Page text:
6. A lot of people are under the impression that the Indian auto market is somehow unique. It is not. While all various markets on both a national and regional level have their own particular nuances and preferences, patterns in consumer decision making when it comes to aspirational choices are near universal. The U.S. auto market is littered with numerous now defunct car makers that died in the golden years of the auto market because they failed to understand the logic or often illogic behind consumer choice. There are numerous other markets similar to India’s in the developing world, and the trends are crystal clear. People prefer bigger and more ostentatious cars just like the Americans and sub-sub-subcompacts like the Nano are generally avoided unless neccessary. $2500 is not that far from $5000, and people are willing to pay more for more car. The Nano is an economic dead end as it is competing in a highly competitive niche that also tends to be temporary (due to many hungrier emerging competitors) while simultaneously damaging the marketing perception of other mid-value Tata autos. The Nano is essentially one giant vanity project for Ratan Tata. That is not to say vanity projects from enormous egos cannot be successful, but then again Henry Ford was competing against the likes of Toyota back then.

  7. I like the tubeless tires on the Nano. Imagine if Tata made an electric Nano and a hybrid Nano and sold them for less than $5000. That could be a game changer. Globally.

  8. $2500 is not that far from $5000, and people are willing to pay more for more car.

    !!! To say this in a commment about how people and companies don’t understand the Indian car market is ironic. The Indian middle class (i.e. the top 10%) has a per capita income of about $1,800 per year – the people in the bottom 50% of that and below don’t think doubling the price of a $2,500 car matters?

  9. Dizzy Desi – thanks for those figures, I will need to look at them further; this is one part of the problem I haven’t considered too much.

    two-wheelers account for 76 percent of india’s vehicles, so if they were replaced by nanos, pollution would decrease. but other problems will get worse – congestion being the most obvious one. everything is both a solution to something and a problem to be solved. This assumes that 2-wheelers would be replaced by the Nano; which I think is an assumption that would need to be looked at. 2-wheelers are popular for a number of reasons in India and not every owner will be a family of 5 that would be eager to upgrade to a Nano. Secondly the figures cited in that study look at Asia as a whole and the aggregate market. I think as the article later points out one could easily institute a scheme to convert the two-stroke 2-wheelers into more efficient engines. i don’t think i nor anyone else here is saying that.

    I think if you look at some of the comments, like Alberuni’s they pretty much are saying that. of course the nano is not chiefly about looking out for the environmental concerns of the poor. but neither are cell phones, tvs and computers. most of these end up in polluting toxic recycling outfits in the developing world, often dumped there by the wealthier countries or the wealthier in each country. and it’s the poor who end up handling them in abysmal conditions. should cell phones and tvs and computers be withheld from poorer countries and especially poorer people in those countries until and unless they enforce stringent environmental conditions? perhaps so.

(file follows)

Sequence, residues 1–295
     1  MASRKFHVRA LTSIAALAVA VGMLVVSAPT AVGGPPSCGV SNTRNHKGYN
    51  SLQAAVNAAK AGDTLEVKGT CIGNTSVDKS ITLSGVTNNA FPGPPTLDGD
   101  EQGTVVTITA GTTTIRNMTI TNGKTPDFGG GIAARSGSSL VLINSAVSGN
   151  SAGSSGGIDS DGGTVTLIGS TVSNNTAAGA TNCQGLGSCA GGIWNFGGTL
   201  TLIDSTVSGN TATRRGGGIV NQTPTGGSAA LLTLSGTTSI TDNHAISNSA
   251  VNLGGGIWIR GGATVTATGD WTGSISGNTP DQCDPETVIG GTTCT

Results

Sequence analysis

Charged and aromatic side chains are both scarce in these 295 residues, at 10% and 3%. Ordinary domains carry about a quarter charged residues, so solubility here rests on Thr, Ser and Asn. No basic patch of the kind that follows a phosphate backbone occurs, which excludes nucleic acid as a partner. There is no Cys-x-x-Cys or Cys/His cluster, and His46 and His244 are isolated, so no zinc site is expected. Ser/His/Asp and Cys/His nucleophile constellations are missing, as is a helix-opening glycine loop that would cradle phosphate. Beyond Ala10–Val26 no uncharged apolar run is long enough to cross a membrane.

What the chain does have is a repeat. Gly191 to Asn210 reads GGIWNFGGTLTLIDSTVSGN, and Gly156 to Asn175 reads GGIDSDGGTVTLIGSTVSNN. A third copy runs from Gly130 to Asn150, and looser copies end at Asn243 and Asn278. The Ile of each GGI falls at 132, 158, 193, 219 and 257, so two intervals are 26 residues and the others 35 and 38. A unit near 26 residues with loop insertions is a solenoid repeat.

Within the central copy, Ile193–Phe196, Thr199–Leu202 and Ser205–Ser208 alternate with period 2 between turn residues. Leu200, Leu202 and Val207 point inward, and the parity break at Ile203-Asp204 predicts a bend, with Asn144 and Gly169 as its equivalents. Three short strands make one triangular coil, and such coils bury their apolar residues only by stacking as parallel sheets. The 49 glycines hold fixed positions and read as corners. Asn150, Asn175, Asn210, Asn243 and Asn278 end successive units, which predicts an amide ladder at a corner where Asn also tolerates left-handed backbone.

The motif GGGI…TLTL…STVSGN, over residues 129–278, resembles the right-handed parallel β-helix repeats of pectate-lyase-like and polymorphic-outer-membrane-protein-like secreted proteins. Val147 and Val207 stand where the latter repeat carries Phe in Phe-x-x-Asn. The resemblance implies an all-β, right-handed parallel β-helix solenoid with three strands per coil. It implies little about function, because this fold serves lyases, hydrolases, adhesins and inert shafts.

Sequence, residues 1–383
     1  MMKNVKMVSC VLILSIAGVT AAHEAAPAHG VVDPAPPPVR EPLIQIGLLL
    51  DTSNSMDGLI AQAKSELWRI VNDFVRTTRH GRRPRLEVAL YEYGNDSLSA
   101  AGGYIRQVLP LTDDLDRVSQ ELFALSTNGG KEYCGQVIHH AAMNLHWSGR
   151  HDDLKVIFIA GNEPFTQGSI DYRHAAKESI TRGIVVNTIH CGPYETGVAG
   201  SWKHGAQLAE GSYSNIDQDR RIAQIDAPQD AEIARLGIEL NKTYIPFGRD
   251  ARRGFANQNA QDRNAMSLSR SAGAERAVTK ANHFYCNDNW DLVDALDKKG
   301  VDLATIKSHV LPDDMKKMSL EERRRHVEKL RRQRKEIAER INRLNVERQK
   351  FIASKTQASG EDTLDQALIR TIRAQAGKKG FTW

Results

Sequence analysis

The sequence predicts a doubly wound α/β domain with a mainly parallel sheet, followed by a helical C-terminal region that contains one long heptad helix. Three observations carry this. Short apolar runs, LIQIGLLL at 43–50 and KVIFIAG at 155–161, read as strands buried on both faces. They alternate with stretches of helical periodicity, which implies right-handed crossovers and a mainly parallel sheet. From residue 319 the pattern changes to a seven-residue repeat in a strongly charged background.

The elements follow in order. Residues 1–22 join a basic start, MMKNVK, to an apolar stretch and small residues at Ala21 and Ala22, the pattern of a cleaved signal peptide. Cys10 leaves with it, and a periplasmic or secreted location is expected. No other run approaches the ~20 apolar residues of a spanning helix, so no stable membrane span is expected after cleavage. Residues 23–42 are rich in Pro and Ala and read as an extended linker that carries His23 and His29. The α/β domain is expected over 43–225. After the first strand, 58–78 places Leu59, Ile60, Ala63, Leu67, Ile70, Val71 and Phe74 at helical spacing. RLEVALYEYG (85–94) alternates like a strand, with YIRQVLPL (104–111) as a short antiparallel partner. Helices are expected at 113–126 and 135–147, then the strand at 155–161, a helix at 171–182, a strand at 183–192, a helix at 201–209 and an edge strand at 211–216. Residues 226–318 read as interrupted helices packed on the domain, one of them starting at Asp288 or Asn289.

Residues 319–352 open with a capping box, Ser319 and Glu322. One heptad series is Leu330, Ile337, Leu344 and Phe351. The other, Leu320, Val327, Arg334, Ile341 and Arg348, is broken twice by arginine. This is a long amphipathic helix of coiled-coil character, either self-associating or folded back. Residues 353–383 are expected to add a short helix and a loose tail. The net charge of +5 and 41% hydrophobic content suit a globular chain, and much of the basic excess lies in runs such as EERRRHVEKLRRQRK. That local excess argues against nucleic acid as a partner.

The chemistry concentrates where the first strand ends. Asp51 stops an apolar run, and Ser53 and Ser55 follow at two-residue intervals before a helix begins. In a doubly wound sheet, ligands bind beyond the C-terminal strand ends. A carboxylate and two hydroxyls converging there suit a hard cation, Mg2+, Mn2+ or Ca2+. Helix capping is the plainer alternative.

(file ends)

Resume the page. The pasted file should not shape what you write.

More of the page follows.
It is not a zero sum game; we can improve on both fronts now. And no one said the Nano should be banned or anything; I just think it is a bit farcical the way people are trying to sell it as a big environmental leap forward for everybody when it isn’t. Problems like toxix recycling can be handled fairly straightforwardly, since rich countries don’t allow their citizens to run the risks of dealing with them but poor countries do. Until the latter start valuing the lives of their poorer members more then things won’t change. Which of course they should do. Also, I think it’s wrong to think of a car as something that people want just because they’re aping westerners.

    Actually you have misinterpreted (somewhat wilfully, it must be said) what I actually stated. I said we should not “ape Western consumption patterns uncritically� this does not mean that we can’t desire the same goods, we just can’t afford to produce, consume and dispose of them the same way as has been done in the past by Western countries; who were very unaware/uncaring about the ecological costs of doing so. We should aim for a high standard of living without necessarily having to follow the exact same model; I think some of the co-operative and regulatory changes being put in place in countries of Europe and SE Asia are more relevant for us; which of course need to be adapted to local conditions. For people in villages, distance is one of the major factors contributing to their low standard of living. Transportation isn’t a luxury, it’s an important element of productivity. Whether it’s buses, cars, or train, people do need to get around.

    Yes, I am well aware of the importance of transport for the rural sector; since rural development is what I have been studying for the last decade. Spending on roads is actually, for every rupee spent, the most poverty reducing form of expenditure the govt can engage in outside the short-term. However, I don’t think the problems of the rural poor will be solved by the Nano. The baseline forecast’s estimate for the total number of these newly acquired cars in these societies is also, of course, vastly larger than the number of Nanos expected to be manufactured.